Kumquat trees are smaller than most citrus trees and can be grown indoors. They also can be grown outdoors as an ornamental in warmer regions of the United States. Each kumquat fruit contains up to five seeds that you can germinate at home.
Cut open a kumquat fruit and remove the seeds.
Mix equal amounts of potting soil and sand for a potting medium.
Cut drinking cups to about 3 inches tall and punch holes in the bottom for drainage. Fill the cups with the planting medium.
Plant the seeds while they are fresh and moist. Insert one seed approximately 1/2-inch deep in each cup. Cover the seed with potting medium.
Water the seeds lightly. Place each cup in a medium-size resealable plastic bag to keep the seeds moist.
Place the cups in the sun to encourage germination. Watch for growth in two to three weeks. Spray the seeds with water occasionally to keep the soil damp but not wet.
Remove the plastic bags after the seeds have sprouted. Continue to water regularly.
Transplant your seedlings once they have grown to several inches. Plant them in larger pots or fertile, prepared soil in your garden.
Kumquats are small, 1 to 2 inch long, citrus fruits. They are similar in appearance to an orange, but have a leathery looking skin that is either orange or yellow. The outer skin is sweeter than its tart inside flesh, so some prefer eating the skin over the insides.
Cut off suckers that grow along the trunk of your kumquat tree. These produce only vegetative growth and will never bear kumquats. If they're allowed to grow, they sap energy from healthy parts of the tree.
Inspect your kumquat tree for dead, diseased or damaged branches. Container kumquats that are moved can be more prone to damaged branches during the moving process. Damaged or diseased wood appears blemished or distorted, while dead wood won't have leaves and will not move in the wind.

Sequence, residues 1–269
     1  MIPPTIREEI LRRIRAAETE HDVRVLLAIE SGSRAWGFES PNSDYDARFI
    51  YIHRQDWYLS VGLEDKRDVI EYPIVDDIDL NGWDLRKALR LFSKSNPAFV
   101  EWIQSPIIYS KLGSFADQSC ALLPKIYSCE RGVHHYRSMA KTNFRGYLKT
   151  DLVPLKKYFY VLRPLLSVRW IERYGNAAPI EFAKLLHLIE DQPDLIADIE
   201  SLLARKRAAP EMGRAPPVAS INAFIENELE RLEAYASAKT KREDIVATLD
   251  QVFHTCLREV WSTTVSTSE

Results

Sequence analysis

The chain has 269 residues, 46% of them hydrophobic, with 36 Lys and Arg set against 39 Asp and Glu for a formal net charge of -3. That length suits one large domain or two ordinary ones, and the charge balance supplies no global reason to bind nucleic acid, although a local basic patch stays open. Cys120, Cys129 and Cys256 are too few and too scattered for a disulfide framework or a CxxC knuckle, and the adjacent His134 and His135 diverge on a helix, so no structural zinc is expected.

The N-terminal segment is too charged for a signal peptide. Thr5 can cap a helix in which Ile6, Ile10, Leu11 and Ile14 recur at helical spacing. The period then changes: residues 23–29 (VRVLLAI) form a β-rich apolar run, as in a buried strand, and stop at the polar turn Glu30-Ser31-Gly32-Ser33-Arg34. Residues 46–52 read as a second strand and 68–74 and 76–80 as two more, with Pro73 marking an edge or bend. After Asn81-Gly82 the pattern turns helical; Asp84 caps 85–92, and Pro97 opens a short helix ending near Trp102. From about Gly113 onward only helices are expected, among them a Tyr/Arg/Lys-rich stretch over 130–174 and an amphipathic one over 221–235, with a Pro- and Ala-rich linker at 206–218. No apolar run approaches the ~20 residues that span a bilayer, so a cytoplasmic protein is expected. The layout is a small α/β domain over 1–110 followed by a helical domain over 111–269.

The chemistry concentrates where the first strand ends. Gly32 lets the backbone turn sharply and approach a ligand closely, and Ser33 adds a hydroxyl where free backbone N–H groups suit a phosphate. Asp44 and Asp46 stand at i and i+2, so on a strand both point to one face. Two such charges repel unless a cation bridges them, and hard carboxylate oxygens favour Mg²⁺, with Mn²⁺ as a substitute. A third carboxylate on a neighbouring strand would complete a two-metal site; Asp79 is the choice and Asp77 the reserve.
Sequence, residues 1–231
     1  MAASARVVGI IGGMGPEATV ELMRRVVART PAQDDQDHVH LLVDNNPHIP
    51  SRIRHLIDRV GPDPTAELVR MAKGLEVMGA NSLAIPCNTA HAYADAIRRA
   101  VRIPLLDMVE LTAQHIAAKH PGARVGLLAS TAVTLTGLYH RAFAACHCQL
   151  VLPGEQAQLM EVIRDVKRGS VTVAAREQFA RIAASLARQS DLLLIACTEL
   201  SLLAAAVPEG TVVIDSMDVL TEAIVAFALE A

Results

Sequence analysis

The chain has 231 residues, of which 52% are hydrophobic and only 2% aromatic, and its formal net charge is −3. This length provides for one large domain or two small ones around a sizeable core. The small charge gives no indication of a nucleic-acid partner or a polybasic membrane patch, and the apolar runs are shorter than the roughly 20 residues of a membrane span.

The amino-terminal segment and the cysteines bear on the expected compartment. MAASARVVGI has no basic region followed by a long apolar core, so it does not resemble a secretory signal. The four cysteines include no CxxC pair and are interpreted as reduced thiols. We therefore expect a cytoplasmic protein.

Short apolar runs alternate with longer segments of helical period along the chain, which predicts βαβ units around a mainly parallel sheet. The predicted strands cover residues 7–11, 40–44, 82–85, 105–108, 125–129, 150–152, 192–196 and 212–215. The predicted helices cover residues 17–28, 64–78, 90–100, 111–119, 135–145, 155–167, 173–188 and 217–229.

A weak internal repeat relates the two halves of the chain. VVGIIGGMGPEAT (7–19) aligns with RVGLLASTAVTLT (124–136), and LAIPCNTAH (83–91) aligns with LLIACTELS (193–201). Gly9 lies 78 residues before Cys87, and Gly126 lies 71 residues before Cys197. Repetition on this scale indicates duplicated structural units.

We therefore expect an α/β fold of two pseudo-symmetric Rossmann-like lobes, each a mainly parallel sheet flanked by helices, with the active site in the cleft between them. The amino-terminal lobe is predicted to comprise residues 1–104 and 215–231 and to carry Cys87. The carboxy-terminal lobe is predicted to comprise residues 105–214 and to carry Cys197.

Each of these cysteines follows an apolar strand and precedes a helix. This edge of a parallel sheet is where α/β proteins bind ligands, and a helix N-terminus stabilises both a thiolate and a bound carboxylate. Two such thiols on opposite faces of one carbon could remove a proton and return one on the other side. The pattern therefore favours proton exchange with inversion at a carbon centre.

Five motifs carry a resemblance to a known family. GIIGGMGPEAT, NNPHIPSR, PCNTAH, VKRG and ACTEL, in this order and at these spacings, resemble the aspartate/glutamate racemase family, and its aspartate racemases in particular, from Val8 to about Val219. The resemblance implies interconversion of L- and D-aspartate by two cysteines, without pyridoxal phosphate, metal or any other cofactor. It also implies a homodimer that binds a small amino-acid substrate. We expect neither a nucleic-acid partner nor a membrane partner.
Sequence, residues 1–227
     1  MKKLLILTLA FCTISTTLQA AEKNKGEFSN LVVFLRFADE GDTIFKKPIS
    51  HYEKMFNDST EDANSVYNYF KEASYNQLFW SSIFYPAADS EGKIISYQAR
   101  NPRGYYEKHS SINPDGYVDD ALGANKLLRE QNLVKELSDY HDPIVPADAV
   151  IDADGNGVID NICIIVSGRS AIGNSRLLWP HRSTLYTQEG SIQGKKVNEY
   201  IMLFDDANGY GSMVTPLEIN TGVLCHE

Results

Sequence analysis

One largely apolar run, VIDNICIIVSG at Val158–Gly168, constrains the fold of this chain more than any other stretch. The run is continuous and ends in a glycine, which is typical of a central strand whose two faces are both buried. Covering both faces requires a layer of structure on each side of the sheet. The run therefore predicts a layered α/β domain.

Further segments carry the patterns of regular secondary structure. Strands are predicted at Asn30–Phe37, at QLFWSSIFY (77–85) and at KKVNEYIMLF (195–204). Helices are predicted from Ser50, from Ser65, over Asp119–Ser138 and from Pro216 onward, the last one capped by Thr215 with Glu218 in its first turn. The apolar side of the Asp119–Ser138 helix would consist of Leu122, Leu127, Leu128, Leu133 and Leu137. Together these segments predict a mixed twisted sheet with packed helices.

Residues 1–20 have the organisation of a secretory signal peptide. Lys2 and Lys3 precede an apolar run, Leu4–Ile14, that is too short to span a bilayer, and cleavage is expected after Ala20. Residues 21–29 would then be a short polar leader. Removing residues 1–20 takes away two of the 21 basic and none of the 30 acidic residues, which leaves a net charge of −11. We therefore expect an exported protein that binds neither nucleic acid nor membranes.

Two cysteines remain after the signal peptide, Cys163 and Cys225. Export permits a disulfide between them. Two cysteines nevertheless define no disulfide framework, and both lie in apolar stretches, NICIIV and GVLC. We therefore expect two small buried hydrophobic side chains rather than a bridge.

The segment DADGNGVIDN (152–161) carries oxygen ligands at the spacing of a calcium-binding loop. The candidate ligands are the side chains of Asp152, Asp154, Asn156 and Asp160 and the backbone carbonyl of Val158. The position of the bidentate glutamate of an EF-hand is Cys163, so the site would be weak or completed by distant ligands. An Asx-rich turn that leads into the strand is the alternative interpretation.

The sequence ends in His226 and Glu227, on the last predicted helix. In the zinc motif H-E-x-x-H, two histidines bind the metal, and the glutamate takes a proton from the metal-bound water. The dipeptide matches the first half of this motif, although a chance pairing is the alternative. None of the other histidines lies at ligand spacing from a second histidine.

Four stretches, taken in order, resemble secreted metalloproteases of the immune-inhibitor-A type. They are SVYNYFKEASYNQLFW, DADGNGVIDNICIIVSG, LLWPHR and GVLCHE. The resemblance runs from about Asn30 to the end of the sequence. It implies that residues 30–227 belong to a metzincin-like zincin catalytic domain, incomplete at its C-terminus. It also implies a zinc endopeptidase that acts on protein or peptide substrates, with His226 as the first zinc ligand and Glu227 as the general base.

Clip off dead and unhealthy wood at its base. In between cuts, sanitize your pruning shears by spraying them with disinfectant. This prevents you from accidentally spreading disease to healthy parts of the tree.
Trim back long limbs to a lateral branch.
Cut off any branches that crisscross other branches, since their rubbing will cause damage later on.
Grow your kumquat tree in a sunny area. Although it will tolerate partial shade, make sure your tree gets at least 6 hours of sun a day. Unlike a citrus tree, the kumquat tree is cold weather-tolerant, and can withstand temperatures down to 28 degrees F.
Water the tree deeply every 10 days, watering more frequently during dry periods while the plant is blooming.
Apply a micronutrient supplement, such as Organic BioLink, each spring. This should be applied to the leaves of the kumquat tree every month, from February to August.
Prune your kumquat tree to remove dead or dying branches. When pruning, cut back to a large branch of the tree.
Apply an insecticidal soap, as needed, to control mealy bug infestations.
Prepare the container with soil before taking the seed from the kumquat. Mix 1 part potting soil with 1 part compost and fill the container to within 1 inch of the top.
Cut open the kumquat to expose the seeds. Remove the seeds and rinse them with warm water. Place the seeds 1/2 inch deep in the soil immediately after rinsing. Don’t allow the seeds to dry out.
Water until the soil is moist, then cover the container with plastic wrap. Place the container in a warm location where it will receive bright light. The seeds should germinate in three to four weeks. The soil should stay moist under the plastic, but if it starts to dry out, apply more water.
Once the seeds germinate, place four Popsicle sticks around the outside of the container to hold the plastic wrap higher. Place the plastic wrap over the sticks and extend it down to the container. Leave the plastic covering on until the plants are 3 inches tall.
Keep the plants in a cool, sunny location. Transplant them to a larger container each year until you have reached a 12-inch pot. If you live in a warm climate, you can transplant the tree into your landscape.
A kumquat tree, a compact citrus variety, reaches a height of 8 to 15 feet. The trees grow slowly and produce a small yellow-orange colored fruit.
- Care for Eureka Lemon Trees
- Grow Mangosteens
- Prune Apricot Trees in Australia
- Prune Dwarf Citrus Trees
- Propagate a Chinese Pistachio
- Plant Crabapples From Seeds
- Grow Lemon Trees Indoors From a Lemon Seed
- How Do I Care for My Meyer Lemon Tree?
- Plant Satsuma Trees
- What Is a Honeybell?
- Good Fertilizer for Lemon Trees
- Kumquat Trees